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Cold and sparsely populated, Iceland was first settled by Vikings in the ninth century. Ruled first by Norway and then by Denmark, Iceland did not gain its independence until 1944. After independence, though, Iceland quickly went from a land of subsistence farmers and fishermen to one of the wealthiest and most productive countries in Europe.
Though today's Iceland is a country that is bolstered as much by its tourism industry as any other industry, it still must be said that the island nation remains both one that embraces its Scandanavian heritage and one that is carving out a new reputation for itself in the modern world.
Quick Facts about Iceland
- Governed by the Althingi parliament since 930, Iceland is the world's oldest democracy.
- Geographically, Iceland is the youngest country in the world.
- Iceland's capital, Reykjavik, is the northernmost capital in the world.
- While whaling is still legal in Iceland, the country brings in more money from whale-watching than whale-hunting.
- There is only one mammal native to Iceland - the arctic fox.
As an island, Iceland shares no land borders with any other nation. With that said, it does share a maritime border with both Great Britain and Norway to the southeast and Greenland to the west. Iceland is just south of the Arctic Circle and is bordered by both the Atlantic and Arctic Oceans.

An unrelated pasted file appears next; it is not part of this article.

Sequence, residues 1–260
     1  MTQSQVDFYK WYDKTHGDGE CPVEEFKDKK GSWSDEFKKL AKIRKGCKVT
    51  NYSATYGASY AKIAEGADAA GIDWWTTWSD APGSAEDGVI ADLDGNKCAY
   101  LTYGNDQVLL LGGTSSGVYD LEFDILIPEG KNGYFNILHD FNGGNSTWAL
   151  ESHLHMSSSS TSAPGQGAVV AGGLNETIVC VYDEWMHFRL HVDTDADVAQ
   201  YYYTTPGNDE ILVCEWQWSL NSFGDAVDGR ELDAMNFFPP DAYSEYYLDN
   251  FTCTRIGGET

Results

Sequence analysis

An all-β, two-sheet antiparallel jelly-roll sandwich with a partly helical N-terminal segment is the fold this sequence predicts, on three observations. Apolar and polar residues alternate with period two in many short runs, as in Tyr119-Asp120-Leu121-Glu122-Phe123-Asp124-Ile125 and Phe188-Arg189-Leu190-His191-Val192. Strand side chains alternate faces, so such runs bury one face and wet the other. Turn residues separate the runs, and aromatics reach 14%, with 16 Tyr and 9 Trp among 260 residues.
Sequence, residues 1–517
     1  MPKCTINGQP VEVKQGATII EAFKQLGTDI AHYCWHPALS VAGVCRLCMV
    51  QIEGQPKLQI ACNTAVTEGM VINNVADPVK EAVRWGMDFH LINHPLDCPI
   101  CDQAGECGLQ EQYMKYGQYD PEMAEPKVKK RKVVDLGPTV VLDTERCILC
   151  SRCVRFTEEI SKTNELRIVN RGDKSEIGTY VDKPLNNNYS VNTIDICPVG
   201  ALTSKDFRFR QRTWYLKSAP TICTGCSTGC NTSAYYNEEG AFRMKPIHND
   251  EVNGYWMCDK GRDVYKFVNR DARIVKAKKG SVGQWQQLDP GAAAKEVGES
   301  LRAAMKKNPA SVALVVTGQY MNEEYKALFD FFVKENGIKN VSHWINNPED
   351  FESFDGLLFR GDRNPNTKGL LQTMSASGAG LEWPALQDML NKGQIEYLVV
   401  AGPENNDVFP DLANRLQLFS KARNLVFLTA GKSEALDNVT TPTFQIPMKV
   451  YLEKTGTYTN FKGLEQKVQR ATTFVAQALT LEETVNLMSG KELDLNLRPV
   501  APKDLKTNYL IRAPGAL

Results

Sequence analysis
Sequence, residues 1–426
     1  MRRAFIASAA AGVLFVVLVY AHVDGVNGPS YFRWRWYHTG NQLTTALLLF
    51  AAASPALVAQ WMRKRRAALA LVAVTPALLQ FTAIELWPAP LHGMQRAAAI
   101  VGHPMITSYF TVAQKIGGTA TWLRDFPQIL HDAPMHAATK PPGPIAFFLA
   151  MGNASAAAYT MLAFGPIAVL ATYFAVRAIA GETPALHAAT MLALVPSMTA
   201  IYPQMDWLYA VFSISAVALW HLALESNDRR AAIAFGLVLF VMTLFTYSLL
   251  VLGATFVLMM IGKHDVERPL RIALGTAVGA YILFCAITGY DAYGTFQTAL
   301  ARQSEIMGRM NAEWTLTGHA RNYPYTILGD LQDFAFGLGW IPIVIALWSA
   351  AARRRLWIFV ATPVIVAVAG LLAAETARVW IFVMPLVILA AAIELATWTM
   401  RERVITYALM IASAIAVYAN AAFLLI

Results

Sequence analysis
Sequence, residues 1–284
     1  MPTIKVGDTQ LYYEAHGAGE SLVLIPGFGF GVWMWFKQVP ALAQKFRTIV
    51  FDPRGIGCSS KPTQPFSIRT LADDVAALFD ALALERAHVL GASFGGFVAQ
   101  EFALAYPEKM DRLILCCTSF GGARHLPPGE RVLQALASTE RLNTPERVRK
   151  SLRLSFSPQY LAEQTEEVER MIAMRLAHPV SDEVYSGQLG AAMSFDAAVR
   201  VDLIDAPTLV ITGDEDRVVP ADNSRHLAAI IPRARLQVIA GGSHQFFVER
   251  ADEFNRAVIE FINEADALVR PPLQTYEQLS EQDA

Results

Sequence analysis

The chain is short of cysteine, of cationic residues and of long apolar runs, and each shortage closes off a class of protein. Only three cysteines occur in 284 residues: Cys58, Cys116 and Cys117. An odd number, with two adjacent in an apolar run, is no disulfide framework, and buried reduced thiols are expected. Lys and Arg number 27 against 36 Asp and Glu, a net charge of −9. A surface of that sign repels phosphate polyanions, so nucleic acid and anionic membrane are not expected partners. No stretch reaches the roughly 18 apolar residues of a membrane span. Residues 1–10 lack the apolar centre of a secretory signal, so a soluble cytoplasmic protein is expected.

A relatively small country, Iceland's area is only 39,817 square miles. This makes it the eighteenth largest island in the world and the second-largest in Europe after Great Britain. Virtually all of Iceland's area is on the main island, with no significant holdings in the surrounding area. Iceland is the 106th largest country in the world, ranking just behind Guatemala and just ahead of South Korea.
The primary language of Iceland is Icelandic, and it is spoken by about ninety-three percent of the people on the island. Icelandic is more than just a language in Iceland, though - virtually unchanged in over a thousand years, it is an important part of the culture.
Students in Iceland are also required to study English and Danish, so a significant portion of the population speak both of those languages. Other languages spoken by a significant proportion of the population include German, Danish, Spanish, and French.
Despite its name, Iceland is not a country that is constantly covered in ice. Located near the North Atlantic Current, Iceland actually has much milder weather than one might imagine from its location. Temperatures in the winter do, however, regularly drop as low as -22 degrees Fahrenheit.
Summer temperatures, however, can get as high as 77 degrees Fahrenheit. The weather on the island does tend to vary quite a bit, though, with both frequent high winds and frequent bouts of precipitation throughout the country.
Type of Government
Iceland is a representative democratic parliamentary republic. Its legislative body, the Althing, is the world's oldest parliament and has only been inactive for forty-five years since the mid-10th century. The modern version of the Althing is a 63-seat unicameral legislature.
The head of the state of Iceland is the president, while the head of the government is the Prime Minister. The bulk of the real administrative power lies in the Prime Minister, however, as the position of the president is really more ceremonial than anything else. As with most parliaments, the Prime Minister is chosen from among the leadership of the political party that controls the Parliament.